Blue Mountains waterways are some of the most beautiful, iconic and highly valued in Australia. They sustain a unique diversity of animals and plants, hold great cultural significance to Traditional Owners, and provide huge opportunities for recreation and eco-tourism.
Our waterways also supply drinking water to over five million people, including residents of the Blue Mountains local government area.
What is Council doing to protect our waterways?
Council has developed and is enacting the Water Sensitive Blue Mountains Strategic Plan (WSBMSP) which will be our blueprint for water management for the next 10 years.
This plan has four main components: water efficiency, water reuse, best practice stormwater management and a water-literate community.
Council is monitoring the health of our waterways, at over 50 sites from Lapstone to Mount Wilson.
Recent analysis of our waterways has revealed that:
- 20% of our waterways are in excellent health
- 31% of our waterways are in good health
- 42% of our waterways are in fair health
- 7% of our waterways are in poor health
Find out more about the health of our waterways and what you can do to help in our Waterways Health Snapshot 2020
Image: A stormwater treatment structure at Jamison Creek Swamp
Council is rehabilitating over 130 creek and bushland sites across the city — by repairing stormwater impacts such as weed infestation, erosion and sedimentation.
Large restoration projects include Glenbrook Lagoon and Wentworth Falls Lake.
Council is conserving rare & endangered Blue Mountains Swamps – Blue Mountains Swamps (otherwise known as Hanging Swamps) are a diverse plant community that occur nowhere else in the world.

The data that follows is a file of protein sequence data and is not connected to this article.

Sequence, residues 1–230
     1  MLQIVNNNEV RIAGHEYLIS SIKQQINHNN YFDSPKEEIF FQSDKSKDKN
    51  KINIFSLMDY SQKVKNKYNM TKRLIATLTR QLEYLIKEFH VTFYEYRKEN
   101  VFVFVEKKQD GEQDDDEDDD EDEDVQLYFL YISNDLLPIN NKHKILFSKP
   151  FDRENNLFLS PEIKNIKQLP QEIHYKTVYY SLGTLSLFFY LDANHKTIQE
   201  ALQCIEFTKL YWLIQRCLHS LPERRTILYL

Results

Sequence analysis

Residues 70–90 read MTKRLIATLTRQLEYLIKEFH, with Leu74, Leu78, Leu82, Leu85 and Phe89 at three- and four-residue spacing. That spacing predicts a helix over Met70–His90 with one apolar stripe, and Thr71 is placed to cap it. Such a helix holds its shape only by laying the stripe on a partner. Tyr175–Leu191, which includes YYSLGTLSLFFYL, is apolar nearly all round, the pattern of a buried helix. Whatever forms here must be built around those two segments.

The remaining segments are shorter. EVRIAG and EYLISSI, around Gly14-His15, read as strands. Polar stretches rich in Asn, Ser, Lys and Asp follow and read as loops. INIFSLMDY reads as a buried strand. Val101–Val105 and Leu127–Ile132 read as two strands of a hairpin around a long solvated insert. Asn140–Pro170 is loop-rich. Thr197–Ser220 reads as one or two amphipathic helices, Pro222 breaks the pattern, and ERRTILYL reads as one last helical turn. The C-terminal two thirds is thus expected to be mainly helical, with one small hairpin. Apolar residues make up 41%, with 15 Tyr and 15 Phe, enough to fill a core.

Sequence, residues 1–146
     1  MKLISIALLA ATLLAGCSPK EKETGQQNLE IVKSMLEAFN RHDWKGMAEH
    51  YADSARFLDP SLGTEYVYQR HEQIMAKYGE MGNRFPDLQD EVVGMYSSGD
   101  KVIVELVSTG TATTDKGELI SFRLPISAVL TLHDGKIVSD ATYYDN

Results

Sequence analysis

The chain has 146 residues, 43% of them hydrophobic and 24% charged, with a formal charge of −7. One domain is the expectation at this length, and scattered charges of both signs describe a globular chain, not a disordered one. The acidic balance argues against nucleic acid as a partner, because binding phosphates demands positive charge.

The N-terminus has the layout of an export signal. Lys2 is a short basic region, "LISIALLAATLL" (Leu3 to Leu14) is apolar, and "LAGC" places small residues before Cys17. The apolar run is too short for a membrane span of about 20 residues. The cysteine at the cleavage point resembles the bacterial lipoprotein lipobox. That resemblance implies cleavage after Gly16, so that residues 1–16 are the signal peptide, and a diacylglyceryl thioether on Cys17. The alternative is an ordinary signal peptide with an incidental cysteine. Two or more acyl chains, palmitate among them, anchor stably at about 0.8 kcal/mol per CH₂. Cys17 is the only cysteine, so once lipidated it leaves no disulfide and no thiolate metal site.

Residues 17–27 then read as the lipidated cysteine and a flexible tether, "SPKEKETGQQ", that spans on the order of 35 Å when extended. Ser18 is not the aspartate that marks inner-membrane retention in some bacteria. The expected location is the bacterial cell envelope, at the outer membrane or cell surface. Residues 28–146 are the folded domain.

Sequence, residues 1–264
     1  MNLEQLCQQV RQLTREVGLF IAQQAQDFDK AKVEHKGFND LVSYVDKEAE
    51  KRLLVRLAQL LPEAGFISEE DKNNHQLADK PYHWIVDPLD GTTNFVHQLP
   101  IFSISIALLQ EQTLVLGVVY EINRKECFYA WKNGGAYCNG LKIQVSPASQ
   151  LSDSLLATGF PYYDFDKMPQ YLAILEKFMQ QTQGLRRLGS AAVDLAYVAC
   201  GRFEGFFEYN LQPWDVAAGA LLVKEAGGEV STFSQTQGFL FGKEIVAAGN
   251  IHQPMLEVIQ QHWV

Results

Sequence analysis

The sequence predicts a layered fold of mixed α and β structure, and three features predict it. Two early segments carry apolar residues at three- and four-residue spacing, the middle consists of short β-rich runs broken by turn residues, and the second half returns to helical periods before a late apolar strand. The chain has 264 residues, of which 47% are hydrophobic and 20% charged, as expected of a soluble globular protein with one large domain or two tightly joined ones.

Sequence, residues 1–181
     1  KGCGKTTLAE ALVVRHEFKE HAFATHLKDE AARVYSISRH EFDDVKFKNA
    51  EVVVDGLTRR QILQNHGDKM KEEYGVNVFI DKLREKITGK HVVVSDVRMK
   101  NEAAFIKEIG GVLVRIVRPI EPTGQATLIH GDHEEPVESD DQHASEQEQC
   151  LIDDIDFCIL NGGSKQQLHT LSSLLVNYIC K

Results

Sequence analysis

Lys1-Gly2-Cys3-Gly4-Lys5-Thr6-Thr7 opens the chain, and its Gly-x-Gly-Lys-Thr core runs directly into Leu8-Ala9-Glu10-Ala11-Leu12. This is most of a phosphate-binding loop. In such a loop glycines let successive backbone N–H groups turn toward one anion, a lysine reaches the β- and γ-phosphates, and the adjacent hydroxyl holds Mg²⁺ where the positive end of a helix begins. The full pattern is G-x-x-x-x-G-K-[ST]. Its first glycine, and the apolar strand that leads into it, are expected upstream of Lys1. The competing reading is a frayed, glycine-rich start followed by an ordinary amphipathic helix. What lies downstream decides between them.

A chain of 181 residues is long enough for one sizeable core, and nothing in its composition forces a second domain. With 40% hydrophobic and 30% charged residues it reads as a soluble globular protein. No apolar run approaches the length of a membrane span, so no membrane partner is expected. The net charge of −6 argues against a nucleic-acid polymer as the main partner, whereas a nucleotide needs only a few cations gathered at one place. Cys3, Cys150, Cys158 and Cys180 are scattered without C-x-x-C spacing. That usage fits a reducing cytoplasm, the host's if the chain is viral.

In 2015 Blue Mountains City Council partnered with Central Tablelands Local Land Services to successfully apply for a 10 year $742,500 NSW Environmental Trust Save our Species Partnership grant to deliver the ‘Swamped by Threats’ project. This project will protect the swamp habitats of two iconic and endemic threatened species, the Blue Mountains Water Skink and the Giant Dragonfly, across the Blue Mountains and the Newnes Plateau.
This long term project will run from 2016-2026.
Image: Planting vegetation at the Jamison Creek Swamp
Current restoration works
Current works under the Council Swamp Rehabilitation program include improving the habitat condition and resilience of 16 priority swamp systems at the following council managed sites:
- Connaught Road Swamp, Blackheath
- Yosemite Swamp , Katoomba
- Marmion Road Swamp, Leura
- North St Swamp, Katoomba
- Gully Swamp, Katoomba
- McCrae’s Paddock Swamp, Katoomba
- Leura Falls Swamp, Leura
- East Leura Swamp, Leura
- Jamison Creek Swamp, Wentworth Falls
- Wentworth Falls Lake Swamp, Wentworth Falls
- Franks Creek Swamp, Wentworth Falls
- Kittyhawke Swamp, Wentworth Falls
- Duperry and Clarendon Swamp, Wentworth Falls
- Red Gum Park Swamp, Bullaburra
- Lawson Pool Swamp, Lawson
- North Lawson Swamp, Lawson
Image: Waterways Festival 2017 - Cailin Lyddiard (left) Caitlyn Clark (middle) and Mirabai Sigel (right) make friends with a baby turtle
What can you do to protect our waterways?
Install a rainwater tank to water your garden and minimise storm-water run off. Find out more at Sydney Water
Save water around your house and garden by implementing these water-saving tips
Never allow detergents, pesticides, sediment, chemicals, paint or fertilisers to enter stormwater drains.
Never flush wet wipes, tissues or paper towels down the toilet as this causes sewerage blockages which can then lead to sewage overflows into our creeks.
Choose tapwater over bottled water as “spring water” depletes groundwater reserves.
Join a Swampcare group or your local Bushcare group to help restore our precious Blue Mountains Swamps and waterways. Visit the Bushcare website for further information or email BMCC’s Bushcare program at email@example.com.